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  1. #1

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    Hello everyone,

    I recently bought one of the new ZT Lunchbox Reverb amps, and have been loving it. I actually made an account here specifically to review the amp, since I've noticed there's basically zero reviews/info out there about it.

    I've got a Tweed Champ (5f1) clone as well, and have been comparing the two exhaustively (I bought the ZT as a potential replacement). In the end, the ZT won out for me.

    Also, I am one of those Tele purists, so I only tested it with my stock AVRI 64 Telecaster. Yes, I bought the Champ because of Julian Lage, I'm not afraid to admit it.

    Build quality: 9/10

    One of the first things I noticed about this amp was how solid it felt. It's a little heavy for its size (10lbs/4.5kg), but the weight is reassuring to me. I believe it has a wood cabinet under all of that silver paint. Anyway, everything from the knobs to the power switch to the cable feels high quality and durable. It should, since the amp is assembled in California.

    Sound: 9/10

    The main draw, obviously. This is definitely a solid state amp in terms of sound and functionality (yes there is hiss), but it is one of the better SS amps I have ever heard, particularly in terms of touch sensitivity. When comparing it to the Champ, I noticed that the Champ is of course a warmer, more "organic" sounding amp, but not necessarily better sounding. I found the ZT to be just as dynamic as the Champ, and to actually have better note separation. I would even describe the ZT as a bit fuller sounding, perhaps due to the "directness" of the amp. The best analogy I can think of is rosewood vs. mahogany: rosewood (like the Champ) has a rather impressive, ringing sort of sound with focus on harmonics, while mahogany (like the ZT) is more balanced and "fundamental" sounding. I don't know if others have had this problem with Champs, but I find that mine emphasizes the metallic qualities of the strings, perhaps because it picks up more of the acoustic qualities of the Tele than the ZT. Anyway, this was not a problem with the ZT, which perhaps contributes to its (to my ears) fuller sound. In short, I love the warm coloration of the Champ, but I really love the clear, balanced and neutral tone of the ZT, which I think makes it more versatile for jazz. Its neutral sound is a double edged sword: it highlights more of my mistakes than the Champ, but rewards careful technique.

    As I mentioned, I only have the Tele, so I couldn't test it with a humbucker guitar, but it responded very well to the single coils. I will say that the Champ sounds better for the classic overdriven Tele sounds (i.e. Keith Richards), but for my jazz purposes, I found the ZT more versatile.

    Additional notes: Much like the old version, this ZT is a very, very loud little amp. Most of the time I play it at around 25% volume and 50% gain, which is more than loud enough for my apartment.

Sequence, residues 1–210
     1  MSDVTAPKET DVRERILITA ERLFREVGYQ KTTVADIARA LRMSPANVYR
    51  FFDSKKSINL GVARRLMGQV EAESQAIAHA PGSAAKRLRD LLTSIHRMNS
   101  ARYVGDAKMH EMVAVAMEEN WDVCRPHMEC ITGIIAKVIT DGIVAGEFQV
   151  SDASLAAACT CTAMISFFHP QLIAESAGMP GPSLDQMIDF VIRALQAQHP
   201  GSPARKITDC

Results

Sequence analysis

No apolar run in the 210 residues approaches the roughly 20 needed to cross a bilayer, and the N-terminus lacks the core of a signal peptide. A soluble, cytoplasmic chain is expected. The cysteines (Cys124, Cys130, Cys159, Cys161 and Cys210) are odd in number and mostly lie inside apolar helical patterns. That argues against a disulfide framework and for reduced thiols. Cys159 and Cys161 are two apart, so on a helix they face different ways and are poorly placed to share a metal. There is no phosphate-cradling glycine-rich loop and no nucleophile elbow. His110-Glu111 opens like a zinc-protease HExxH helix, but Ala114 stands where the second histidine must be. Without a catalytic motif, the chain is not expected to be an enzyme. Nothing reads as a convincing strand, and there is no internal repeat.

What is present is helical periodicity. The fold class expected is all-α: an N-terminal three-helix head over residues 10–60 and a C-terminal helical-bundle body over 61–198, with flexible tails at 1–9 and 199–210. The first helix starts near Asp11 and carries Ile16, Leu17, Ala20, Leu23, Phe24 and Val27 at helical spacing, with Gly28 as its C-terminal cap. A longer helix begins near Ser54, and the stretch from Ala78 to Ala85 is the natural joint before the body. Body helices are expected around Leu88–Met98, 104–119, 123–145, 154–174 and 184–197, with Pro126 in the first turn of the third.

Also, the reverb is fantastic. I also owned a Tone Master Deluxe Reverb before this one, and I actually like the spring reverb on the ZT better. I've been using an EH Holy Grail pedal with the Champ, and again, I prefer the ZT's reverb.


    That's all I've got, never really done a review like this so let me know if I missed something. All I can say is that it's a fantastic amp. I've only owned a few other amps, so I can't claim to have much else to compare it to, but this one is my favorite so far for it's combination of build quality, size, practicality and sound.
    Attached Images Attached Images ZT Lunchbox Reverb Review-img_1740-jpg ZT Lunchbox Reverb Review-img_1741-jpg 

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  3. #2

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    Good post. I have the LB Jr. and have been wondering about these. It would be interesting if someone would compare it to the DV Mark Little Jazz as that seems to be a natural equivalent. Of course, around here most will want to know how it sounds with a hollow body guitar, but I primarily play solid bodies myself.
    I seem to recall that the original Lunchbox amp was supposed to have a reverb but somehow or other it got forgotten by the manufacturer! All they have is that 'ambient' thing which nobody seemed to be happy with. This should have happened long ago. Their recently released Jazz amp has a reverb but the price point is a killer, especially for a ZT.

  4. #3

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    Quote Originally Posted by wyndham
    Good post. I have the LB Jr. and have been wondering about these. It would be interesting if someone would compare it to the DV Mark Little Jazz as that seems to be a natural equivalent. Of course, around here most will want to know how it sounds with a hollow body guitar, but I primarily play solid bodies myself.
    I seem to recall that the original Lunchbox amp was supposed to have a reverb but somehow or other it got forgotten by the manufacturer! All they have is that 'ambient' thing which nobody seemed to be happy with. This should have happened long ago. Their recently released Jazz amp has a reverb but the price point is a killer, especially for a ZT.
    I read that they intended the original to have reverb but couldn't implement it with the amount of memory they had on the chip. They ended up with the "ambience" control. Terrible, but they couldn't get any closer to reverb.

    I had the original LB and I think it is an awful product. I'm aware that there are some players on here who really like it.